1.875Mbps serial

I have a few sensors with serial output at 1.875Mbps, 8 data bits, 1 start bit, 1 stop bit, and doesn't seem to have a parity bit. It sends 4 bytes of data, waits about 4 bytes worth of time, then repeats. I need to send some of these 4 byte chunks of data to the computer connected to the USB port, say at least 1 out of 1000, but more often would be better. It would be nice if I can read more than one sensor per board if CPU speed allows.

Which board would I need to do this?

What do I need to do to get 1.875Mbps baud rate?

Which board would I need to do this?

One of the SAMD21 based boards should be able to do the job. Forget all AVR based boards.

What do I need to do to get 1.875Mbps baud rate?

Use a SERCOM based hardware serial interface.

Thanks, I bought the MKR Zero board and it works well now.... For some reason I had to use a lower baudrate in the 1.715 to 1.845Mbps range to get it to work. I am 99% sure the sending devices are 1.875Mbps so I guess the MKR Zero oscillator is off a little or something.

I am 99% sure the sending devices are 1.875Mbps so I guess the MKR Zero oscillator is off a little or something.

Did you check that with a scope?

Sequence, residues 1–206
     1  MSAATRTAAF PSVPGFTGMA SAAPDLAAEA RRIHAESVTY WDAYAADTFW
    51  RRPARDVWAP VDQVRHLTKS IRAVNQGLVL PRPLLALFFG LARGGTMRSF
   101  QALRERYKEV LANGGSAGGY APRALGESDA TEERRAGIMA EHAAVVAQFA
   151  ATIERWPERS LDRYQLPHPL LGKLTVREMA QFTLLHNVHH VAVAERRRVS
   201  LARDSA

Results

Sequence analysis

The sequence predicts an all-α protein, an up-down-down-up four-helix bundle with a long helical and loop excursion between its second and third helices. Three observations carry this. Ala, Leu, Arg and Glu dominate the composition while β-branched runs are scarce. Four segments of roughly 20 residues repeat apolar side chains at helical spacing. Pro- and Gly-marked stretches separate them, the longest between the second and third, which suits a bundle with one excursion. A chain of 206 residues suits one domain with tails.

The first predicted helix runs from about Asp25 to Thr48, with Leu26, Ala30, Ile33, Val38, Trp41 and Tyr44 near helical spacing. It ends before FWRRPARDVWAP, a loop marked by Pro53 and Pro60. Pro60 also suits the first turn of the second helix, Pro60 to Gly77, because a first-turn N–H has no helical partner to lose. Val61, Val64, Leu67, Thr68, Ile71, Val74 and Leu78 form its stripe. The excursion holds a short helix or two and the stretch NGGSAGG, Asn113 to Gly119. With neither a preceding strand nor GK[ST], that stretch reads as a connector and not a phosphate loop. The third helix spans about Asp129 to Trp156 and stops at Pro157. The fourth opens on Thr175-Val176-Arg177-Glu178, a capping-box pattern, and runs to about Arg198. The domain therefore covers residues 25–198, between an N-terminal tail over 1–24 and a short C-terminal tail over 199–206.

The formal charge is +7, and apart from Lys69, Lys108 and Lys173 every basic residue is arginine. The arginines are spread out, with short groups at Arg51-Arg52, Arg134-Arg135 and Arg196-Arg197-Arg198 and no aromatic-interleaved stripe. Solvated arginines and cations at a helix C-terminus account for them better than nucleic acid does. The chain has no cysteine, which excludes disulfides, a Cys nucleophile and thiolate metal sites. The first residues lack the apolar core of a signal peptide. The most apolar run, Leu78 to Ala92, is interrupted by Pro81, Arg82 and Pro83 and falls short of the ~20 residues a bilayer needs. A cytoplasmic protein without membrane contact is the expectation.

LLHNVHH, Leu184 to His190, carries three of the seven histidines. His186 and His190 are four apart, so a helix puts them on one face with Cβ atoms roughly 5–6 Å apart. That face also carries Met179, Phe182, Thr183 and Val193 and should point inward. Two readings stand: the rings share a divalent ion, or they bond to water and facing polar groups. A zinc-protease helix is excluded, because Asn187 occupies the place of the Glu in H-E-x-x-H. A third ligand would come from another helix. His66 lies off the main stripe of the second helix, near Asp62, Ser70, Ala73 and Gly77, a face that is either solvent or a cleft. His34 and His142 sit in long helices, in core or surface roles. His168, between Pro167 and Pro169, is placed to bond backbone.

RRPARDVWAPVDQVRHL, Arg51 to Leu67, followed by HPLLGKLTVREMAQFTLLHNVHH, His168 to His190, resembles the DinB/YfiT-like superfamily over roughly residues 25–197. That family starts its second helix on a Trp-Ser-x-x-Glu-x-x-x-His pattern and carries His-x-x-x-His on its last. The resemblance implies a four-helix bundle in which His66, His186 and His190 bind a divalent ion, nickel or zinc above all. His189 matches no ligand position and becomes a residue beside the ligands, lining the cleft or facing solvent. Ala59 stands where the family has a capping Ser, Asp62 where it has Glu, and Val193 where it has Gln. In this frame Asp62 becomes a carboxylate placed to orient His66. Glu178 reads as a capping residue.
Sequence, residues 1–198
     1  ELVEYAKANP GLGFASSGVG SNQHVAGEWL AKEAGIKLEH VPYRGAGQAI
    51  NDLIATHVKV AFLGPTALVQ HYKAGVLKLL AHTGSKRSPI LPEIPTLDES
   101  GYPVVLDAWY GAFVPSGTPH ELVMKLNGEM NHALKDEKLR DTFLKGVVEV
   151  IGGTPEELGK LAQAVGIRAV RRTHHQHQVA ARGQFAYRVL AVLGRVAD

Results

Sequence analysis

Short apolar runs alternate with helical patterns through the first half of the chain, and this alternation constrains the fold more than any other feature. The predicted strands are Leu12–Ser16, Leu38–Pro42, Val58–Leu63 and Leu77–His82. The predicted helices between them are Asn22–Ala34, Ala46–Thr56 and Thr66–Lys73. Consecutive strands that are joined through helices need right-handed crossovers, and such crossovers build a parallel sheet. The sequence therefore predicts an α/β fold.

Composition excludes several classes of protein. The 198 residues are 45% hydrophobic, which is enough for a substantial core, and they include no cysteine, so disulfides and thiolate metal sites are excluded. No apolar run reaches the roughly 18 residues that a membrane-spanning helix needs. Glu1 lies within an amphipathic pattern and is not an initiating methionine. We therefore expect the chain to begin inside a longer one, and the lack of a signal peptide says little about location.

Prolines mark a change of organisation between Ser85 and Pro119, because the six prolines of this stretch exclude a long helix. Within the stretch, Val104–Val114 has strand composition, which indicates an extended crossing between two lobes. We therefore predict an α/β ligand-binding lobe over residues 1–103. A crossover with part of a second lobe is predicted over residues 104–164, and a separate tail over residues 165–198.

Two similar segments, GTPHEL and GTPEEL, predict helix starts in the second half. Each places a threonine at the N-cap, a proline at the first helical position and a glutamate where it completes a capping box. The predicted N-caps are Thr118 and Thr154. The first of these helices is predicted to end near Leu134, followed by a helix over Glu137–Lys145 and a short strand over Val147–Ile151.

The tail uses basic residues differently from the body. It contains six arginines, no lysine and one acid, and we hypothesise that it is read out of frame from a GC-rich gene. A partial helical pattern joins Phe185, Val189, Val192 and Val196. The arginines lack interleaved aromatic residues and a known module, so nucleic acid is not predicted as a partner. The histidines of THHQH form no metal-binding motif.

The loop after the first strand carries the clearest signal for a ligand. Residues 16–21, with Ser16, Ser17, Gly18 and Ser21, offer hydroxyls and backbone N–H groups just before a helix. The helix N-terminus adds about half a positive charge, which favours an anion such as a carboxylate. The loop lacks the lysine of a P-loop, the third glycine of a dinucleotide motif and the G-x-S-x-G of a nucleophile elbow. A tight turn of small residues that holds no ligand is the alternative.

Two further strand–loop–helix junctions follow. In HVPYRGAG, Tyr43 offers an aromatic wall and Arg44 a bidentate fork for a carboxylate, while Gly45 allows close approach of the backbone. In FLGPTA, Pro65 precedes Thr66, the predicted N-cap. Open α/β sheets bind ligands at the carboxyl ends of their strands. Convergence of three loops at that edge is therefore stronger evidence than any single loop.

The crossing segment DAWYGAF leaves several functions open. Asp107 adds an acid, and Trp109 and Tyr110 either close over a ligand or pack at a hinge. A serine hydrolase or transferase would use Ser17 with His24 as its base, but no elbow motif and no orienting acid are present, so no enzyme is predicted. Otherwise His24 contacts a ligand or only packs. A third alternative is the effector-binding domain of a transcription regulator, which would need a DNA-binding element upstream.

Baud rates are approximations in most cases as they are constructed by dividing the main clock. As 48/1.875 is 25.6 there's no exact match. At 1.845 you get almost exactly a factor of 26. If you use the exact value (1.875) the divider will be 25 resulting in a frequency of 1.92Mbaud.

BillC48:
Thanks, I bought the MKR Zero board and it works well now.... For some reason I had to use a lower baudrate in the 1.715 to 1.845Mbps range to get it to work. I am 99% sure the sending devices are 1.875Mbps so I guess the MKR Zero oscillator is off a little or something.

Perhaps not.

Consider how your serial send and receive operate. The sending of a bit occurs at the the beginning of the Baud rate clock signal. The receiving of the bit MUST occur sometime after the beginning of the Baud rate clock signal. If perfect, the receive clock will be in the middle of the bit time.

Since the two Baud rate clocks are not synchronized, the receive clock will have to be different from the TX clock by some amount of time and at that speed, the window for determining the bit value is very tiny. So, if it works, it works.

Paul

I did check with a scope, but it says my 1KHz ref is 1.1KHz so I can't trust the scope at all, time for new scope and reference.
The factor /26 works, the /27 works too, but /25 doesn't.
Now on to my next 2 problems... (in another post)